Brand transfers are everywhere. This is hardly surprising since this is the age of mergers and acquisitions, which always give rise to the rationalisation of ranges, products and brand portfolios. Companies have to choose between brands that have hitherto been competitive with parallel ranges.
On mature, low-growth markets, the need to make economies, create synergies and increase efficiency has the same result. Finally, globalization brings its share of brand transfers to the advantage of the global brand. For all the above reasons, reducing the number of brands is the order of the day.
This explains the wealth of publicity announcing – if you know how to read between the lines – an imminent brand transfer. For example, the Swedish company Electrolux, the world’s leading manufacturer of household appliances, prepared the worldwide transfer of its local brands – the historic leaders of their market, acquired country by country. It acted as the endorsement for these local brands – Zanussi Electrolux in the UK, Arthur Martin Electrolux in France, Rex Electrolux in Italy, and so on – and appeared as such in the promotional publicity. It has to be said that, in 2003, only 15 per cent of sales were made under the brand name of this international group.
The aim was to increase this figure to between 60 and 70 per cent by 2007, so that 55 per cent of consumers would include Electrolux among the ‘three brands they have in mind when entering an electrical appliance store’ – what is known as an ‘evoked set’ or ‘consideration set’. In 2001, this could be said of only 21 per cent of consumers. In 2007 the local names became Electrolux.
Berated by financial analysts the world over for not having enough global brands with a turnover of more than US $1 billion, the Unilever Group made the decision to reduce drastically the number of these brands in a process known as the ‘path to growth’. The group’s Elida-Fabergé division played a pioneering role – by reducing the number of brands from 13 to 8, growth increased from less than 2 per cent to 11 per cent.
But this objective of reducing the size of brand portfolios also creates challenging problems in certain product categories. This happens when the brands to be merged are well established and do not have the same positioning on the market. For example, the famous detergents category is not particularly profitable compared with other categories since distribution costs are extremely high and the market is fragmented.
Many of the smaller brands no longer justify the promotional support. Throughout Europe, Lever has organised its portfolio in three price-related segments – the premium segment with Skip (in competition with Procter & Gamble’s Ariel), the smart buyer segment with Omo for example, and the economy (or low-price) segment with Persil (except in the UK where, for historical reasons, Persil replaced Skip).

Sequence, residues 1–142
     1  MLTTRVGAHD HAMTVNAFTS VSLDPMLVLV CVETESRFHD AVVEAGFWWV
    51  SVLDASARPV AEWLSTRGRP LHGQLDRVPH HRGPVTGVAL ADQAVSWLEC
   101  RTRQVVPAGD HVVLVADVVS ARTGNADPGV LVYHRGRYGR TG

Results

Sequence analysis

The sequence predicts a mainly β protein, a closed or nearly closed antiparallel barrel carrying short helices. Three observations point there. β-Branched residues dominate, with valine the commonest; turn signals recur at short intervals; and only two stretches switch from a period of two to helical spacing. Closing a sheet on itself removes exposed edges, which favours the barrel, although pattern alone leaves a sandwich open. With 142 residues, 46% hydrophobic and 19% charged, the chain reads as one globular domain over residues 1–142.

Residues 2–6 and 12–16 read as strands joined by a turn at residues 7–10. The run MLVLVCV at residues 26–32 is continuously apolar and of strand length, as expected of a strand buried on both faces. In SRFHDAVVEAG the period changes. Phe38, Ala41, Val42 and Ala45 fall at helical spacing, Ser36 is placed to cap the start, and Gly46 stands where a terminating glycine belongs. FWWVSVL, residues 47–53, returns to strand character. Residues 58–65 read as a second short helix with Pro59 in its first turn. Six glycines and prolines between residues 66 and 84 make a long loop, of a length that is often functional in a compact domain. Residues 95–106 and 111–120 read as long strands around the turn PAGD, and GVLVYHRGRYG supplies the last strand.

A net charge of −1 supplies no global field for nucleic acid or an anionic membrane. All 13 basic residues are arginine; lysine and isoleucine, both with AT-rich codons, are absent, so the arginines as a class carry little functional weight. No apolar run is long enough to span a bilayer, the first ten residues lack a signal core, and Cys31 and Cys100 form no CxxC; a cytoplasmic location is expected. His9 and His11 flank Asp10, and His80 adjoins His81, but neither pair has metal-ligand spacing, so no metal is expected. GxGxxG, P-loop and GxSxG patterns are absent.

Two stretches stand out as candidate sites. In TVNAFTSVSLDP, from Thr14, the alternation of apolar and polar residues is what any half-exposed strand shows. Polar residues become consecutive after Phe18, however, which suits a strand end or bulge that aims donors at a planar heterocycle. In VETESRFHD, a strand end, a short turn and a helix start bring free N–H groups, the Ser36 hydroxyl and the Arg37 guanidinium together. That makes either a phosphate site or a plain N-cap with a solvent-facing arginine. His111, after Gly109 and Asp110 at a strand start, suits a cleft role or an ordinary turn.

The question therefore arises, given the market shares and Lever’s declared intention of concentrating its business around strong brands, how to unite the brand in the smart buyer segment with the brand in the economy segment. The difficulty becomes all the more apparent since in many countries, these are well-established brands that, over time, have forged a very specific bond with a section of the public.
The issue should involve the distributors who, throughout Europe, are wondering about the future of the low-price segment, positioned just above their distributors’ brands. Should this segment in fact be allowed to survive?
Another illustration of the risks associated with brand transfers is provided by the example of Phas and La Roche Posay, two brands of cosmetics in the l’Oréal Group that were merged in 2000. Each represented approximately 15 per cent of the market share in a sector that was losing momentum, namely pharmacy.
This should make it possible to begin internationalising the brands under a single banner, with critical mass. Named after a thermal spring used to treat skin disorders, La Roche Posay is associated with a guarantee of proven effectiveness in the treatment of skin conditions. Its business model was based on recommendation by dermatologists.
Conversely, Phas was a brand of cosmetics – with no dermatological endorsement – for skins that were extremely sensitive to ordinary make-up. Its strength was hypo-allergenic tolerance rather than effectiveness. It is easy to understand why this – albeit necessary – transfer ran the risk of diluting the brand capital for La Roche Posay. The brand was going to have to put its signature to products formerly under the Phas label and which had no guarantee of effectiveness.
When the risks are too great, it is better to avoid them and choose another strategy.
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